An “X” can act as a valid signature on legal documents. The real issue here is whether the person, despite the disease and the treatment, has the legal mental competency
required to finalize the power of attorney.
Competency can be sort of a fuzzy issue—one of those many “gray areas” in the law. When asked to define it, one court recently wrote: "The test of competency to contract is whether the powers of a person’s mind have been so affected as to destroy the ability to understand the nature of the act in which he is engaged, its scope and effect or its nature and consequences."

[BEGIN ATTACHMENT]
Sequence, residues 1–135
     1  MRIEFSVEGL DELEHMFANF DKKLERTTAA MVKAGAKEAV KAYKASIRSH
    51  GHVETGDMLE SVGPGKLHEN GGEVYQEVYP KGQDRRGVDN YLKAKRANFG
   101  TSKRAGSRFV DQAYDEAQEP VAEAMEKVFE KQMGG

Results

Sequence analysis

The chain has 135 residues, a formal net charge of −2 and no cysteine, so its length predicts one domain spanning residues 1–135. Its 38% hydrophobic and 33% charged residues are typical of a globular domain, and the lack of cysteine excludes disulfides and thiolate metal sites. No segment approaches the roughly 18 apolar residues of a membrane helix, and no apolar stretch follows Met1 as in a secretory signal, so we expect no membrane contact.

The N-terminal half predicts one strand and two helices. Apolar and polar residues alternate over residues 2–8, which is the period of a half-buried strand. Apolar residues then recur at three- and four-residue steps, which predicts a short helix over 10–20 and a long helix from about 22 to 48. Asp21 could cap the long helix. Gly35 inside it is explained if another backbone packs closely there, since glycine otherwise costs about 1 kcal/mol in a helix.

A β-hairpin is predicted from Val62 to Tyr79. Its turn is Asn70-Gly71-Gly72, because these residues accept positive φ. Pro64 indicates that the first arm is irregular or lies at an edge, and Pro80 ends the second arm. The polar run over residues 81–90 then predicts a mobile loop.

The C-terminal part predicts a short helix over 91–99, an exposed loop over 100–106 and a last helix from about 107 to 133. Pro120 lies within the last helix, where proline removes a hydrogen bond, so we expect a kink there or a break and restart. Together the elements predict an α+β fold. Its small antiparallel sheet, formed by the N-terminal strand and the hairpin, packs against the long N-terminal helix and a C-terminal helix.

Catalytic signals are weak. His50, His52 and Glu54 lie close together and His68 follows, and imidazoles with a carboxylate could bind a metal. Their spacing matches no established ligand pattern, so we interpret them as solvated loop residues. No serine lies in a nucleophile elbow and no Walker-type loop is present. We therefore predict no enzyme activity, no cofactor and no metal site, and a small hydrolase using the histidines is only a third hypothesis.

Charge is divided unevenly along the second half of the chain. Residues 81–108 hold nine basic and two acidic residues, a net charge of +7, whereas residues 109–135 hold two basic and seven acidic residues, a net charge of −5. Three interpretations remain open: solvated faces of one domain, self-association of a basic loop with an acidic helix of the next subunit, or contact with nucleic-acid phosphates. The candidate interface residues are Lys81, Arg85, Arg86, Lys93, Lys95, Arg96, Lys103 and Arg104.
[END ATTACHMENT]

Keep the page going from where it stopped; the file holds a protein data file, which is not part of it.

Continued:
When powers of attorney are challenged in court, the judges will usually turn to a medical opinion for help in each particular case. If you believe the person you write about has the necessary capacity—and that would be required when he or she signed the power of attorney—then it might be a good idea to get a doctor to sign a simple statement summarizing that belief.